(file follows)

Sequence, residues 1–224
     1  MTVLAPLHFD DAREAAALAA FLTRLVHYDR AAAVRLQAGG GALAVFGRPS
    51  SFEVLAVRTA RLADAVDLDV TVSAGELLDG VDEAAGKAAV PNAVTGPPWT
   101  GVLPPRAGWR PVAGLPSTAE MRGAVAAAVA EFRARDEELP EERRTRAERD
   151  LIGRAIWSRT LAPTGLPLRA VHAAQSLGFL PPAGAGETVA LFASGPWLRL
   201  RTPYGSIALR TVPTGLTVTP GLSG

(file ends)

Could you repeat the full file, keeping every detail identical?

Sequence, residues 1–224
     1  MTVLAPLHFD DAREAAALAA FLTRLVHYDR AAAVRLQAGG GALAVFGRPS
    51  SFEVLAVRTA RLADAVDLDV TVSAGELLDG VDEAAGKAAV PNAVTGPPWT
   101  GVLPPRAGWR PVAGLPSTAE MRGAVAAAVA EFRARDEELP EERRTRAERD
   151  LIGRAIWSRT LAPTGLPLRA VHAAQSLGFL PPAGAGETVA LFASGPWLRL
   201  RTPYGSIALR TVPTGLTVTP GLSG